• Rat Park Revisited

    Posted on April 29, 2022
    By Tom Horvath, PhD Not exactly: I’m reporting about a presentation by Professor Bruce Alexander, the creator of “rat park,” given on 4/19/22, for the Addiction Theory Network, based in the UK. The webinar was: Retiring the Brain Disease Model of Addiction. And Then What? Rat Park Recap Rat Park, if you are not familiar with it, was his groundbreaking research showing that when rats are given a stimulating environment they will NOT die from self-administering various substances (e.g., cocaine, heroin). However, they will die from self-administration in a barren cage where the only choices are food/water and substances. Further, if you take rats stuck in those barren cages and then place them in rat park, they will again engage in normal rat activities and no longer have substance p...
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  • Psychedelic Diaries - Interview with Dr. Horvath

    Posted on February 11, 2022
    Psychedelic Diaries, Episode 3: Interview with Tom Horvath, PhD, ABPP "Psychedelic Diaries," a podcast hosted by Ray Christian, has nearly 30 episodes (each an interview). Dr. Horvath was the third interviewee. The podcast describes itself as offering: "Experts from the world of medicine talk about mental health, mystical experiences, and the psychedelic renaissance. The show features news and discussion on how psychedelics affect our mind and the world around us." This 3 minute video has excerpts from each of the five initial experts interviewed. Dr. Horvath, in the excerpt, speaks about the value of a psychedelic experience as a "pattern interrupter." In the full interview he elaborates on that concept and his own (unfortunately disappointing) experience doing ayahuasca fou...
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  • Undoing Drugs - a Review by Tom Horvath, Ph.D.

    Posted on December 2, 2021
    Undoing Drugs: The Untold Story of Harm Reduction and the Future of Addiction, by Maia Szalavitz Review by A. Tom Horvath, PhD The harm reduction approach to addressing addictive problems has until recently been highly controversial, at least in the US. Treatment and other change efforts in the US have been primarily guided by the views that addiction is a disease and that the 12 steps are the primary (or only) method for change. Harm reduction accepts and encourages small steps toward change. The US approach has typically required an immediate and large change, often involving a completely new perspective: “I’m an addict, I have a disease, I will abstain from everything forever.” The small steps approach of harm reduction, even though it describes how most human change occurs, has ...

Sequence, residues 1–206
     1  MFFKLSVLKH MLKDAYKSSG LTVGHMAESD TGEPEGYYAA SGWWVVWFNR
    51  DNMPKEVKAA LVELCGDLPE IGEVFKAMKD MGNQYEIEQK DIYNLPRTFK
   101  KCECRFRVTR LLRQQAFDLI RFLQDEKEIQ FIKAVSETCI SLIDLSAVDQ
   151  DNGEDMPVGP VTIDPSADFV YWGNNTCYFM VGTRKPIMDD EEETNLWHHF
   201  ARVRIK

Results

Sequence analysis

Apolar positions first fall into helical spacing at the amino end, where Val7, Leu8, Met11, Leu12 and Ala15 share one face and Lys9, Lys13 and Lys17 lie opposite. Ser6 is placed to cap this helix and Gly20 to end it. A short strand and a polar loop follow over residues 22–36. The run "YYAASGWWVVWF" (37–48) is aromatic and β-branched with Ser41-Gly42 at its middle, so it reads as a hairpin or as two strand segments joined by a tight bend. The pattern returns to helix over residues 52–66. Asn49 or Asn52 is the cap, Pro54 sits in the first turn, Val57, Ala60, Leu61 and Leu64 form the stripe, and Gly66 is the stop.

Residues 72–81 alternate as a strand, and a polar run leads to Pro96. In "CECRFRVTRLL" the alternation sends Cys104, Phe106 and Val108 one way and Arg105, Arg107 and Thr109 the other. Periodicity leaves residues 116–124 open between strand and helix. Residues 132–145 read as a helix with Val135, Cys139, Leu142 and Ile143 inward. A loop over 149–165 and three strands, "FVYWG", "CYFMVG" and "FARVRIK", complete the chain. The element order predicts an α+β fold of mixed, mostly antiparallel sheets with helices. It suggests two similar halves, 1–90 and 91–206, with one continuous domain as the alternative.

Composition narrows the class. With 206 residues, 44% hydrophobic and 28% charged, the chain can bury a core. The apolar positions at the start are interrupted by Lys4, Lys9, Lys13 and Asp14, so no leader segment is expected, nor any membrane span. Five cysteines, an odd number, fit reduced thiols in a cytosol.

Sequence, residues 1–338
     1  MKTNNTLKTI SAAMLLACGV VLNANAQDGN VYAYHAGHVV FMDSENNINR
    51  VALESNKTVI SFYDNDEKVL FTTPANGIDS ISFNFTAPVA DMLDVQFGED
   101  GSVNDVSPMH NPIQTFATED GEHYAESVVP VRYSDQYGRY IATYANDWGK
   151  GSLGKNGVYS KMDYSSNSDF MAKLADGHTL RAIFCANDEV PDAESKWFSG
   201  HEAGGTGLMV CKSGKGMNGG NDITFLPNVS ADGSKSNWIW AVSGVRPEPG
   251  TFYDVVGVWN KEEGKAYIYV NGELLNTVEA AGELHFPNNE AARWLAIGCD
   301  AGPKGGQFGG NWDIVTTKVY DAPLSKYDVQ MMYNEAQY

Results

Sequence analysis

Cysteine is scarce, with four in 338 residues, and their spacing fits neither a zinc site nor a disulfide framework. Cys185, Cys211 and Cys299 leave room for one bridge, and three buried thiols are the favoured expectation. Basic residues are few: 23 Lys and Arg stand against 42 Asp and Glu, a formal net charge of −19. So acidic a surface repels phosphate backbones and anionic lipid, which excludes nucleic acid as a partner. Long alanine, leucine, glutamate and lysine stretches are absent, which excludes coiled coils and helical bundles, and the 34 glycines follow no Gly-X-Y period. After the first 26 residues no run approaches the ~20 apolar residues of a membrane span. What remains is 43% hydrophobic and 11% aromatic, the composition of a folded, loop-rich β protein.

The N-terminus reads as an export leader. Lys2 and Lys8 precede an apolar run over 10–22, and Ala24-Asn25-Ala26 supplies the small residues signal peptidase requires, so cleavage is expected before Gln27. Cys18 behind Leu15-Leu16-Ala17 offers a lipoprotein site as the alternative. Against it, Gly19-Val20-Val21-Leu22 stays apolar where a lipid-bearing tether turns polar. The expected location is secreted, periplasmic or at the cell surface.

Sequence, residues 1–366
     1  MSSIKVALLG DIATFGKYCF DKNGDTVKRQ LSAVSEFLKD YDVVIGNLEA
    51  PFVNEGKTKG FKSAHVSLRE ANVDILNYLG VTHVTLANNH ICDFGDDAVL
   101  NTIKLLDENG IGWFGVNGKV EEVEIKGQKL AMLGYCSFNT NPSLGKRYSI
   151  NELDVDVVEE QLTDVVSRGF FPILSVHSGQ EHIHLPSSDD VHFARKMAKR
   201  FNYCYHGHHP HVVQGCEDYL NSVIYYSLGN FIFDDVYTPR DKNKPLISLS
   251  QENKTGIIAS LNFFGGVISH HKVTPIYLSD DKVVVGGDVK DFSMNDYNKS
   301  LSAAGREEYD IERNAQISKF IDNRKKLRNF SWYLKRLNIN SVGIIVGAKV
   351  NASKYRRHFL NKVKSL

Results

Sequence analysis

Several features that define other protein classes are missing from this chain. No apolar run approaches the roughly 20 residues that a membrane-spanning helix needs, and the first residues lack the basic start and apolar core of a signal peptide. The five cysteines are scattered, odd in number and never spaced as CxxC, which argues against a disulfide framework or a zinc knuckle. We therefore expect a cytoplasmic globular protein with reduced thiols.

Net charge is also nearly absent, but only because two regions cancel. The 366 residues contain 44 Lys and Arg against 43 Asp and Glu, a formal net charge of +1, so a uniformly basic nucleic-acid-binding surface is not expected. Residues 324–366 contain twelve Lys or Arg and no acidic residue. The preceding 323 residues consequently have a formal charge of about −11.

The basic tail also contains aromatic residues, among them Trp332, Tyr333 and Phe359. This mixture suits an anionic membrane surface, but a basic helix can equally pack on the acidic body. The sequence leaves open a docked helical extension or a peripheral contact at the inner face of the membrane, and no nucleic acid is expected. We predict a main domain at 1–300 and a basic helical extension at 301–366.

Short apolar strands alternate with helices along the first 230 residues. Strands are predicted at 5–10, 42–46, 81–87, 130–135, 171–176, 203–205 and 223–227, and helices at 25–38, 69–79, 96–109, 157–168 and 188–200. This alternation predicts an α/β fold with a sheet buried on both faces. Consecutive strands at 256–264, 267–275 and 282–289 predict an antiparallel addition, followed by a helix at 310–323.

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  • Ending Stigma

    Posted on November 16, 2021
    By Tom Horvath, PhD Addiction professionals say they're working toward ending stigma surrounding addiction, but they also tend to promote addiction as a disease. These activities are contradictory. By promoting addiction as a disease they play into the general tendency to perceive in-groups (“normies”) and out-groups (those with the disease). Instead of emphasizing that “addiction is a chronic brain disease” or “treatment works,” the following ideas, depending on the context, would make much more helpful and less stigmatizing messages: You might also be interested in: The Stigma of Addiction and the Inadvertent Contribution of the Recovery Community 1. Addictive problems range from very mild to very severe. 2. Most addictive problems are not in the severe or very severe range. ...
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  • The Self-Empowering Approach

    Posted on October 22, 2021
    by Tom Horvath, PhD Practical Recovery and SMART Recovery both use the self-empowering approach for resolving addictive problems. This approach contrasts with the powerlessness-based approach of AA and other 12-step groups, at least on the surface. Both approaches begin with the person considering change, and then deciding to change (at least to some degree). Both approaches can be effective, but one may work better for specific individuals. The powerlessness-based approach is described in AA’s 12 steps. In the first step you admit you are “powerless over alcohol.” In the third step there is “a decision to turn our will and our lives over to the care of God as we understood Him.” This approach can be described as serenity (as used in the Serenity Prayer, and also as “letting go” o...
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  • Understanding Shame